Bionic Handling Assistant: safe human–machine interaction

Bionic Handling Assistant

Safe human–machine interaction

At first glance, the Bionic Handling Assistant looks like a pliable gripper arm with a structure and overall function modelled on an elephant’s trunk. Our researchers also use the system as a development platform that combines a wide variety of technologies and components.

The Bionic Handling Assistant offers free-moving and pliable operation. It is even safe where there is direct contact between the machine and humans. In the event of a collision, the pneumatic bellows structure gives way immediately and therefore does not have to be carefully shielded from humans like conventional robots. The assistance system was awarded the German Future Prize for this achievement in 2010.

Adaptive gripper inspired by biology

The gripper of the Bionic Handling Assistant consists of three adaptive fingers with an operating principle that also originates from the animal world. Like the fish fin, the structure with Fin Ray Effect® does not bend away under lateral pressure – instead, it curves around the pressure point. This means that the fingers close gently around the material being gripped and enable fragile and differently shaped items to be handled without being damaged.

The Bionic Handling Assistant is thus providing new approaches to the question of how humans and technology can interact easily, efficiently and, above all, safely in the factory of tomorrow.

Mechatronic development platform

At the same time, the system serves as a multi-technology platform for the simultaneous development of mechanics, electronics and software for machines and handling solutions. In 2012, our engineers added image and voice recognition to the assistant. This enabled the system to grip objects on its own – without the need for programming work or manual operation.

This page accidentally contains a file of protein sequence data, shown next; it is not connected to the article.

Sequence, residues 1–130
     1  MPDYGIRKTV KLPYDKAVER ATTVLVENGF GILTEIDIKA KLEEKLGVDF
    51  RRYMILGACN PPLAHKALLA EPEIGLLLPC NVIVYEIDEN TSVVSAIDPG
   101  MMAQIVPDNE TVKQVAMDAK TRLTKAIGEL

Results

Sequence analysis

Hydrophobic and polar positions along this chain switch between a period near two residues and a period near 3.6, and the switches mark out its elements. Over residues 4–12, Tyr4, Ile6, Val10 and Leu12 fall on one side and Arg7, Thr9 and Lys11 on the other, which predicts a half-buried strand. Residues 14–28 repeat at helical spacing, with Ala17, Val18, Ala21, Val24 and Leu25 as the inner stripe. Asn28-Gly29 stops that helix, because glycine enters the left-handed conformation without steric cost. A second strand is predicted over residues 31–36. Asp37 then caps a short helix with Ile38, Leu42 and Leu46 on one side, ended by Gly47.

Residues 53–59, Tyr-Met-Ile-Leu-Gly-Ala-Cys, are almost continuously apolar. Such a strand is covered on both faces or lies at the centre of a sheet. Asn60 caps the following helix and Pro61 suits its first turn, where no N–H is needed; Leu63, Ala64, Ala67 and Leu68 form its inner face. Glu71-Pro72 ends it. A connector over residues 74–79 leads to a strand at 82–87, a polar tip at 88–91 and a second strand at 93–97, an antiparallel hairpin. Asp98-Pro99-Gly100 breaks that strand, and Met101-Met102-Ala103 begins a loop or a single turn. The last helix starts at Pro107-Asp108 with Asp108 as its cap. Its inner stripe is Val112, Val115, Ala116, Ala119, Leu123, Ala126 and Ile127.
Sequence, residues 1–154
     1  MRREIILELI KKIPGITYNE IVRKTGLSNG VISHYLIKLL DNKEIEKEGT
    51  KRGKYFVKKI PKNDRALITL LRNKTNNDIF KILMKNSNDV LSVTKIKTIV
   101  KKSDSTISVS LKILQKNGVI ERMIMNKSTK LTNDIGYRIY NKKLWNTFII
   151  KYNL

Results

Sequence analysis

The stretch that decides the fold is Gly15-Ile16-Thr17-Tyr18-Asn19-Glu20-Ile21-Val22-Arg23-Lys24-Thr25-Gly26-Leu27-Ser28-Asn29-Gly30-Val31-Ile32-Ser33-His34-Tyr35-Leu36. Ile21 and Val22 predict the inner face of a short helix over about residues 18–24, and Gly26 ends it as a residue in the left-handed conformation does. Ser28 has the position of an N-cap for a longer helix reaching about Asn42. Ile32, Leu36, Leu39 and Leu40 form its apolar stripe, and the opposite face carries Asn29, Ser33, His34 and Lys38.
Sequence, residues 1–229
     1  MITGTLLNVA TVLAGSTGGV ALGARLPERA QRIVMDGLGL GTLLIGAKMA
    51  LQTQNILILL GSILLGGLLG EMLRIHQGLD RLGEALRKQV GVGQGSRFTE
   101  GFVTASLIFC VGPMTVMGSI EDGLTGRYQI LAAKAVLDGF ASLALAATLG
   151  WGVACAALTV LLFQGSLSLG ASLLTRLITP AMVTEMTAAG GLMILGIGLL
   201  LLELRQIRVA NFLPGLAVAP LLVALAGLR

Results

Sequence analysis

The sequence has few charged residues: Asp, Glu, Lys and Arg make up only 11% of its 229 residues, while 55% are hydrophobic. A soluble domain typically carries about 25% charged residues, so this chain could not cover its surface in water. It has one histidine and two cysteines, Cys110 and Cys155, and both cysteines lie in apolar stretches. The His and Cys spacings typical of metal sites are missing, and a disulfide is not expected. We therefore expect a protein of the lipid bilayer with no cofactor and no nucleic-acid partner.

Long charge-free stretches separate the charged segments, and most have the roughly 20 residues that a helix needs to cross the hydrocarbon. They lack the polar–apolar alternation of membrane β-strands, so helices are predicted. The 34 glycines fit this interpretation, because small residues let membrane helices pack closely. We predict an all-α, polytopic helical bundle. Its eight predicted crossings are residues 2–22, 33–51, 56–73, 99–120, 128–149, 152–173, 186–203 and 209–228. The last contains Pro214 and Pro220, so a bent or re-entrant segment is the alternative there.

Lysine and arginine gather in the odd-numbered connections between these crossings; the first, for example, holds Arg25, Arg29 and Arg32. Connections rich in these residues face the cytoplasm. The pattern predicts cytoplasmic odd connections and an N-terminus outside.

This continuous development shows how the Bionic Learning Network is an integral part of our innovation processes. Together with a wide variety of partners, natural principles provide us with new inspiration for technical applications and the industry of tomorrow. The Bionic Handling Assistant is a joint project with the Fraunhofer Institute for Manufacturing Engineering and Automation (IPA).

Individual production thanks to selective laser sintering

Both the gripper and the bellows structure of the gripper arm are made of polyamide using the selective laser sintering process (SLS). The generative production method allows engineers to design individual movable system parts that are difficult to achieve with conventional technologies.

At the beginning, the material is in powder form and is applied to a construction platform in thin layers during the production process. Each layer is fused to the underlying layer with a laser and only cured where the program requires it. In cavities, the powder does not harden and can therefore be removed later. This enables individual 3D printing of complex products and designs.